I believe that parenting is a split responsibility so if a mother is penalised in anyway for being a parent, so should a man be.
I also believe maternity and paternity leave should be split between parents and called parental leave. 6 months each instead of 2 weeks for paternity and 12 months for maternity. But that's a different thread.

Holstein Mon 02-Nov-15 20:05:44

This was Harriet Minter's piece in The Guardian. I'm never sure about buzzfeed...

catgirl1976 Mon 02-Nov-15 20:06:39

Sorry - I meant term.

I'm not sure saying "I'm sorry, I'm not a feminist" smacks of inspiration to me.

JeanneDeMontbaston Mon 02-Nov-15 20:07:00

YY, absolutely not a secret - I think that's what irritated me most, the way she seems to think she's saying something radical and amazing.

If she had some answers, that would be lovely - but she doesn't seem to have any beyond 'uh, it's tough innit'.

HermioneWeasley Mon 02-Nov-15 20:07:18

When I speak to young women I am very clear that I could t do my job and be a primary carer. The women I know who do either have full time nannies (who they organise) or have husbands who are SAHDs. I think it's realistic to tell women they need to be thinking about these things and what sort of life partner they need if they want kids and a career.

JeanneDeMontbaston Mon 02-Nov-15 20:07:26

I'm not sure saying "I'm sorry, I'm not a feminist" smacks of inspiration to me.

grin

catgirl1976 Mon 02-Nov-15 20:08:59

Really high flying careers in law and politics are pretty much incompatible with family life.

Plenty of men seem to manage. I was back at work part time when DS was 5 weeks old and full time at 5 months. I've just got back from a meeting in the Houses of Parliament (I'm not in politics though) and DS and DH seem to have coped just fine.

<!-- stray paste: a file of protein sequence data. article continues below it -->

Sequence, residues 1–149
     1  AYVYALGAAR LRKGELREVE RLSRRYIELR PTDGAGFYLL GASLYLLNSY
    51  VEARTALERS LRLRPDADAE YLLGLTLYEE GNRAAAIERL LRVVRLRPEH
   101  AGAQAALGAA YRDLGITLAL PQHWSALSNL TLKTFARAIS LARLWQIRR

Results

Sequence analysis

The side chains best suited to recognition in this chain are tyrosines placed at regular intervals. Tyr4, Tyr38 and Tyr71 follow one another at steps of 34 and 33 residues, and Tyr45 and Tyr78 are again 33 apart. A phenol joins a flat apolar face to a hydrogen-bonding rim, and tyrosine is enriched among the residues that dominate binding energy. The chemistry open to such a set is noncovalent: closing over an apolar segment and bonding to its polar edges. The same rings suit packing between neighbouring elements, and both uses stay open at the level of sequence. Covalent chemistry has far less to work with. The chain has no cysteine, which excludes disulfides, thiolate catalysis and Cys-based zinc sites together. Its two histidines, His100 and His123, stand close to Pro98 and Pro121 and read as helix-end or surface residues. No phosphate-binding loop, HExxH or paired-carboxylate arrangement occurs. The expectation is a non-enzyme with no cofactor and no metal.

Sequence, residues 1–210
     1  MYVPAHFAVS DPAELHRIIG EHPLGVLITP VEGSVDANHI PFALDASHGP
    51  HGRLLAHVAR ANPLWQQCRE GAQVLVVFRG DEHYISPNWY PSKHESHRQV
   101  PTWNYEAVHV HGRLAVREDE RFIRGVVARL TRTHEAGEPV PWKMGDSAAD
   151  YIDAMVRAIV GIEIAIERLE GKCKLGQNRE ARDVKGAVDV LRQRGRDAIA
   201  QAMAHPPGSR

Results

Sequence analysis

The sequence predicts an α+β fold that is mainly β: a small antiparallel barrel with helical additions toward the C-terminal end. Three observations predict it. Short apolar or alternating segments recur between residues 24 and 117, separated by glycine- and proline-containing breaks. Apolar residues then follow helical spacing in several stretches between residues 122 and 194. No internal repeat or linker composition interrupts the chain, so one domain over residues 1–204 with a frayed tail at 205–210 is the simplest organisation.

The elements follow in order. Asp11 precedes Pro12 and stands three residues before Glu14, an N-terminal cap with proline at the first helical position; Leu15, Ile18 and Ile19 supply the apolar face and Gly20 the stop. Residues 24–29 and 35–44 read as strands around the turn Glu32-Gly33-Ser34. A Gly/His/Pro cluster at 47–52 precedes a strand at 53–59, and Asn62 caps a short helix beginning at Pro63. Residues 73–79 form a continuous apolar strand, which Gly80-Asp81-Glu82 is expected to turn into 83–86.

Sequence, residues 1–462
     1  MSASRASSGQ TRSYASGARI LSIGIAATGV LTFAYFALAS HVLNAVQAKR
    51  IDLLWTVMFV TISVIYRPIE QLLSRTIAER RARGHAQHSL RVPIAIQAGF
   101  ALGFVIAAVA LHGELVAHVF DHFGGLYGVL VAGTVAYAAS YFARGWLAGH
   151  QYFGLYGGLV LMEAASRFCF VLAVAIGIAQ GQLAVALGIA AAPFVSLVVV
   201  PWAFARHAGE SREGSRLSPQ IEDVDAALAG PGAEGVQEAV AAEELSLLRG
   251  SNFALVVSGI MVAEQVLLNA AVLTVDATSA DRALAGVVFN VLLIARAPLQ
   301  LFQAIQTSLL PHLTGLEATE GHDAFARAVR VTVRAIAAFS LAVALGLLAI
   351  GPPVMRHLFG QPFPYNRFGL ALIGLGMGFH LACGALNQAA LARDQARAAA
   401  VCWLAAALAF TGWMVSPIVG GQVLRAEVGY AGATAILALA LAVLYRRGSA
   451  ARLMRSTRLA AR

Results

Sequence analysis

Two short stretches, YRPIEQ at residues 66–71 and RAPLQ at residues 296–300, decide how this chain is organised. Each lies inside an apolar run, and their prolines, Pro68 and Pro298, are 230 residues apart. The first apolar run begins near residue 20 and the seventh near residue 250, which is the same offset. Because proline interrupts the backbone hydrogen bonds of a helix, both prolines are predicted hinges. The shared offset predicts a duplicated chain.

SarahSavesTheDay Mon 02-Nov-15 20:10:55

It was on the weight stuff this morning and one of the panelists said something like:
"Yes its okay to tell the girls there's a glass ceiling but shouldn't she be giving them a hammer to break through it?"
I agree with that.

Sure, but (to carry on with the metaphor) how many girls have been given hammers, they hammer away and the ceiling remains?

Part of this is self-inflicted, for certain. As long as it's 'normal' for well-educated women to stay at home with their children long after they are school-aged, this will persist.

MrsMolesworth Mon 02-Nov-15 20:16:27

I agree that she isn't inspiring pupils. And any woman who says 'I'm not a feminist' is a weak role model as head of a girls' school. But it's disingenuous to say men do it as though the two situations were identical. They're not. Men don't suffer morning sickness or have to cart an extra couple of stone around, or get baby brain fog or have raging hormonal shifts and leaky breasts and stitches. They are far less likely to suffer AND and PND. There's a lot women have to contend with when they try to take back careers while their children are young.

BYOSnowman Mon 02-Nov-15 20:16:29

There are some interesting articles around about 'the flexibility stigma'

There is also something on shorter working days in Sweden on the bbc news website.

HeartsTrumpDiamonds Mon 02-Nov-15 20:18:12

I used to be a high flyer. I HATE what having kids has done to my career. It's not just that taking "a career break" is hugely detrimental at or above a certain level, it is what motherhood has done to my priorities and energy levels.

We have a long way to go. And knowing Vivienne that is the point she was making. That "having it all" in this day and age is selling women a bill of goods. No one ever says about a man, "oh he has it all, a career AND a family."

BYOSnowman Mon 02-Nov-15 20:18:37

But why does working full time have to be the only way to have a career?

We should be questioning more than just motherhood vs work

And it's all very well saying that full time motherhood is a choice but I don't think it is for most people

JeanneDeMontbaston Mon 02-Nov-15 20:19:26

So was she misquoted, hearts?

I agree with everything you say - but I don't see any of it in what she is quoted as saying.